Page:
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Jury Awards Norwegian $159M in Damages From Azipod Dispute with ABB

Azipod failure on cruise ships
Norwegian Star was stranded at sea without propulsion after both Azipods failed in 2017 (Pjotr Mahhonin photo / CC BY-SA 3.0)

Published Oct 31, 2022 1:08 PM by The Maritime Executive

Norwegian Cruise Line recently won a jury verdict in a long-running dispute with ABB stemming from the failure of Azipod propulsion units on four of Norwegian’s 18 cruise ships. The jury awarded Norwegian nearly $159 million in compensatory and punitive damages related to ABB’s actions after the 2017 failure of the propulsion system aboard the cruise line’s Norwegian Star left the ship stranded at sea and subsequent failures aboard the three other cruise ships operated by Norwegian Cruise Line. The cruise line contends the failures resulted in canceled cruises, expenses related to compensating passengers, repairs to the ships, and lost revenues.

The case filed in Miami Dade Circuit Court in January 2020 alleged that ABB was aware of problems in the propulsion system but failed to disclose it to Norwegian and made misleading statements to Norwegian after the first system failure. According to the complaint, ABB, the manufacturer of Azipods, misrepresented the reliability and safety of the propulsion system. The case involved the VO2300 model of Azipods, some of the earliest produced models. Court papers said the model was deployed on 16 cruise ships, including the Norwegian Star built in 2001, as well as the Norwegian Gem, Norwegian Jade, and Norwegian Pearl, which were introduced in 2006 and 2007. 

After a month-long trial, the jury found for Norwegian agreeing that ABB made fraudulent and negligent misrepresentations after the 2017 failure on the Norwegian Star. The jury agreed that ABB had a duty to disclose information and had made omissions in its disclosures. The jury awarded $31.75 million in compensatory damages based largely on Norwegian’s out-of-pocket expenses compensating passengers. In addition, they were awarded $127 million in punitive damages.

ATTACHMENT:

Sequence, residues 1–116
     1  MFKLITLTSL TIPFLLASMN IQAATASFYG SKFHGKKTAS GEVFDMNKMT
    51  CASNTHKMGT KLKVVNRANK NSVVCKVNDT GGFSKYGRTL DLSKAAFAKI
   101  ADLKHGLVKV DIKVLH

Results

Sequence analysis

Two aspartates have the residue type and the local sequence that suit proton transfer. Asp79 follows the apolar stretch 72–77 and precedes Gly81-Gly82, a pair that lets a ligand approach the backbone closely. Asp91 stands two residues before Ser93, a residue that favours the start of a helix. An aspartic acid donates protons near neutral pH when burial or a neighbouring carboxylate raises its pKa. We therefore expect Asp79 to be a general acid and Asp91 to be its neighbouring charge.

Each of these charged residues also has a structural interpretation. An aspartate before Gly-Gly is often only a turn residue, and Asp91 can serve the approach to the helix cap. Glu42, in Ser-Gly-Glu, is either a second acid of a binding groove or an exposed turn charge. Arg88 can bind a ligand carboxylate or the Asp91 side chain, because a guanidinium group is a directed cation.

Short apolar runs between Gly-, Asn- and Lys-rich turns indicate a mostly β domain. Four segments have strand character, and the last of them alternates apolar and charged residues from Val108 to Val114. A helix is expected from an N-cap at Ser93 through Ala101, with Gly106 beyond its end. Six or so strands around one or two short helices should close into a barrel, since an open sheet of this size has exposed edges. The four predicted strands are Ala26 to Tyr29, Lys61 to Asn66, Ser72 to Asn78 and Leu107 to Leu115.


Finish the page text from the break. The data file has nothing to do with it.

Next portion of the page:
A spokesperson for ABB confirmed the jury decision. Eike Christian Meuter, Senior Media Relations Manager for ABB Asea Brown Boveri said, “We strongly disagree with the outcome and will challenge the decision including a possible appeal to a higher state court.”

Azipod propulsion was first installed on cruise ships in the late 1990s. It is a gearless steerable propulsion system where the electric drive motor is housed within a pod outside the ship hull. According to ABB, the advantage offered for cruise ships is that the units, which can rotate 360 degrees, increasing maneuverability and operating efficiency, while cutting fuel consumption.

Norwegian in its complaint contends that ABB was aware of cracks appearing in the sheathing for the exciter element of the units exposing wiring. They contend that ABB knew that the exciters in the VO model were likely to fail due to these cracks but kept this information from Norwegian and instead told management that failures were extremely rare. During the trial, Norwegian’s lawyers pointed to a 2012 report in which ABB-affiliated field engineers and technicians began observing visible cracks on the Azipods’ exciter stators.

“NCL's claims were based on fraudulent and negligent misrepresentations and omissions based on ABB misrepresenting (and omitting material information) about the reliability of the exciters in Azipods,” said Alex M. Gonzalez. Partner at Holland & Knight and one of the lead litigation attorneys on the case. “NCL believed its exciters were reliable and not in danger of failing,” said Gonzalez.

The Norwegian Star experienced the first failure on December 11, 2016, in its starboard Azipod. ABB installed an emergency exciter kit adapting the Azipod for operation so that the ship could continue to sail and did not need to enter dry dock for repairs. However, on January 24, 2017, the portside Azipod also failed and before repairs could be made, on February 9 the starboard Azipod again failed this time leaving the vessel without propulsion power at sea with 2,113 passengers and 1,017 crew. The cruise ship had to be towed 75 miles to Melbourne, Australia.

After the failure, Norwegian was working with ABB and in March 2017 instructed that the exciters be inspected on the other vessels. The crews aboard the Norwegian Gem, Jade, and Pearl each reported that they had discovered cracks on the exciters. Norwegian alleges that ABB recommended repairs while “omitted critical information that any repairs would not rectify any damage already done.”

The Norwegian Gem suffered an exciter-related starboard Azipod propulsion failure in November 2017, which Norwegian alleges was identical to the prior two incidents aboard the Norwegian Star. A year later, in November 2018, the Norwegian Jade’s starboard Azipod also failed due to the exciter and in July 2019 the exciter failed in one of the Norwegian Pearl’s Azipods.

The jury found for ABB agreeing that ABB did not have a “duty to disclose” prior to the failures on the Norwegian Star. They also found for ABB on the issue of fraudulent or negligent omission of information before the two failures on the Norwegian Star.

The four cruise ships all continue to be active parts of Norwegian’s fleet. Further, despite this dispute, Norwegian has an ongoing business relationship with ABB employing its Azipod units for its subsequent newbuilds. Despite various problems cruise lines experienced with the early versions of pod propulsion, the Azipod continues to grow in popularity for propulsion on large cruise ships being built around the world. 

 

Top photo by Pjotr Mahhonin (CC BY-SA 3.0